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From: Tom Becker (voidampersand_at_[hidden])
Date: 2002-01-17 14:02:00

On Thu, 17 Jan 2002 14:13:33 +0200, "Peter Dimov" <pdimov_at_[hidden]> wrote:
>From: "David Abrahams" <david.abrahams_at_[hidden]>
> > struct Base { Base(); ~Base(); };
> > struct Derived : Base { Derived(); ~Derived(); };
> >
> > void unsafe()
> > {
> > shared_ptr<Derived> d(new Derived);
> > shared_ptr<Base> b(d);
> > d.reset();
> > b.reset(); // equivalent to delete (Base*)(new Derived)!!
> > };
>It recently occured to me that this is another example that proves release()
>extremely dangerous.
>A smart shared_ptr can do the right thing on b.reset(), but on b.release()
>the user will be left with a Base* and the undefined behavior is not far

The problem is not in shared_ptr or release.

     Derived* d = new Derived;
     Base* b = d;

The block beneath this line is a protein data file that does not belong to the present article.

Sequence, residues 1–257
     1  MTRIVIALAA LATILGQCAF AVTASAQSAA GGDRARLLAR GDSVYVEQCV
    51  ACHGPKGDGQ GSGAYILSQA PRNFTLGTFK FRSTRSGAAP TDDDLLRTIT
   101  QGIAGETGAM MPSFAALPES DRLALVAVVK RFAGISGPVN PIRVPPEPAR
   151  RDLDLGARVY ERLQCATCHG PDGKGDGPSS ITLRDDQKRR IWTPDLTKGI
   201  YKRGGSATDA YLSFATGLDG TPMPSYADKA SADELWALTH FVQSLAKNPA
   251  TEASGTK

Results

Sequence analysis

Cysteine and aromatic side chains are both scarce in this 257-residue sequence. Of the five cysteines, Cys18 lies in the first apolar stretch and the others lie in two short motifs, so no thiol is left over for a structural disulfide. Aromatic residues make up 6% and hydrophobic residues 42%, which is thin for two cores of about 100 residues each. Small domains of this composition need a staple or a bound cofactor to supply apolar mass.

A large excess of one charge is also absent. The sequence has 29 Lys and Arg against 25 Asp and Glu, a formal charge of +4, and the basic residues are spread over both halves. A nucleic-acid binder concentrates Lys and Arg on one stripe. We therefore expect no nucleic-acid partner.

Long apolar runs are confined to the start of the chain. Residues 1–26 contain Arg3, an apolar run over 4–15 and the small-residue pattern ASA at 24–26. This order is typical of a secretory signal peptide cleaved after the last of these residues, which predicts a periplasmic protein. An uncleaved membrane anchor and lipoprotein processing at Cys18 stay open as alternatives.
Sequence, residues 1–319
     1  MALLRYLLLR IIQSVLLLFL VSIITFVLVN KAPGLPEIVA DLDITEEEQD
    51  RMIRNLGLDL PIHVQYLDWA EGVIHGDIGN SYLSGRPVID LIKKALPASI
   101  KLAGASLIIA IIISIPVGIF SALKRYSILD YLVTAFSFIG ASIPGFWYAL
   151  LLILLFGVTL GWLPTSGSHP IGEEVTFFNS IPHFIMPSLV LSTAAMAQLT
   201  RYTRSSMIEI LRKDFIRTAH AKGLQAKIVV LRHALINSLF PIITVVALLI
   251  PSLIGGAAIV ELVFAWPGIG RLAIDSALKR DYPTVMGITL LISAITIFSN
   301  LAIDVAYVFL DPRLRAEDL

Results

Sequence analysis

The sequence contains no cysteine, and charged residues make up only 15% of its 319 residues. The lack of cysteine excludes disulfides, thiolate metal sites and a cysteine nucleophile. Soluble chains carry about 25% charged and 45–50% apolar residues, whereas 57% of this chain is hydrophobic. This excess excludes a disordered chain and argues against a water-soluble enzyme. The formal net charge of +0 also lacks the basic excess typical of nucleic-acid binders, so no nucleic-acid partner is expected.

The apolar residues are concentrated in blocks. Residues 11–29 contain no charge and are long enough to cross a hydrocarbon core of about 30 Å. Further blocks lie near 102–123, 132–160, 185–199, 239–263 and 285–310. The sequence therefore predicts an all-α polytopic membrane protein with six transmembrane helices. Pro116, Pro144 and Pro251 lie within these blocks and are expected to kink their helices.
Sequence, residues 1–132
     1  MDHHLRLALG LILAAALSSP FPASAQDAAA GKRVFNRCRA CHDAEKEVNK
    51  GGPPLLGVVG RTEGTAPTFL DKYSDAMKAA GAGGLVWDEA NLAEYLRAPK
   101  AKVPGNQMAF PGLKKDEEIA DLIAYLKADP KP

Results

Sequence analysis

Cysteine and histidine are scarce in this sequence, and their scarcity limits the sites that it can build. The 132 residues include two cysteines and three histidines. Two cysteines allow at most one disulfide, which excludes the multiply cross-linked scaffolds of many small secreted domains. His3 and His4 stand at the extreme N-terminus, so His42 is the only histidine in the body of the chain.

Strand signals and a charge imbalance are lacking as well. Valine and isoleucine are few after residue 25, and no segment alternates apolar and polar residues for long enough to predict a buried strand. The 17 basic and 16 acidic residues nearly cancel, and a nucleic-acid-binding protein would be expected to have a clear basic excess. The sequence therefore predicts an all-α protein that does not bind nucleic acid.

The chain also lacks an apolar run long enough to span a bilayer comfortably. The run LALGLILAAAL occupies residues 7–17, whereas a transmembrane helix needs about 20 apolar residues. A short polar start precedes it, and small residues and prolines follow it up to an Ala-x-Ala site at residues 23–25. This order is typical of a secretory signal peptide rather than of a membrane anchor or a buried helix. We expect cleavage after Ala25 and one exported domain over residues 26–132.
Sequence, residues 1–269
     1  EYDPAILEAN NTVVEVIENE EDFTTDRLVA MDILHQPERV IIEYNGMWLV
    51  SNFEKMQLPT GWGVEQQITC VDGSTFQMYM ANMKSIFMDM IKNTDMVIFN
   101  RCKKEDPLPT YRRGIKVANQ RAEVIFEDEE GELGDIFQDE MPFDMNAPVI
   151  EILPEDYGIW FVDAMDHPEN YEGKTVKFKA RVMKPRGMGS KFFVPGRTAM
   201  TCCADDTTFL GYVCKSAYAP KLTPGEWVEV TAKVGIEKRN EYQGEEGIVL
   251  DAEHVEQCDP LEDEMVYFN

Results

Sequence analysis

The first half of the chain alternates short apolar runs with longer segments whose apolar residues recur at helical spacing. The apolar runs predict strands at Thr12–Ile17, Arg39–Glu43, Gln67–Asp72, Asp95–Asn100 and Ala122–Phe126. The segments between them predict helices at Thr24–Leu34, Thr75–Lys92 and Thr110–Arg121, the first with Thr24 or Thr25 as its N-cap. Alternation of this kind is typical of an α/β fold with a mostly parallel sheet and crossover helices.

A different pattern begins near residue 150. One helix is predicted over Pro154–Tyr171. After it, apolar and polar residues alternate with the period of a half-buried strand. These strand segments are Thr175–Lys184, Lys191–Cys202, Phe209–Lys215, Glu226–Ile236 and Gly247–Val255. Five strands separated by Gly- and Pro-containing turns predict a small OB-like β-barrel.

delete b; // ouch!

Deleting through a pointer that doesn't have adequate type
information is bad. The code should either give Base a virtual
destructor, or it should avoid slicing the Derived* to a Base*.
Converting the code to use shared_ptr doesn't change its safety, or
lack thereof, in any way.

In regards to other comments on release(), in an ideal world it would
not be necessary, but the real world contains other languages besides
C++, and legacy APIs that are not optional. Providing some control
over whether release() is exposed will only mean that the class can
conditionally be made useless.



Tom Becker                      "Within C++, there is a much smaller and
<voidampersand_at_[hidden]>        cleaner language struggling to get out."
                                                       -- Bjarne Stroustrup

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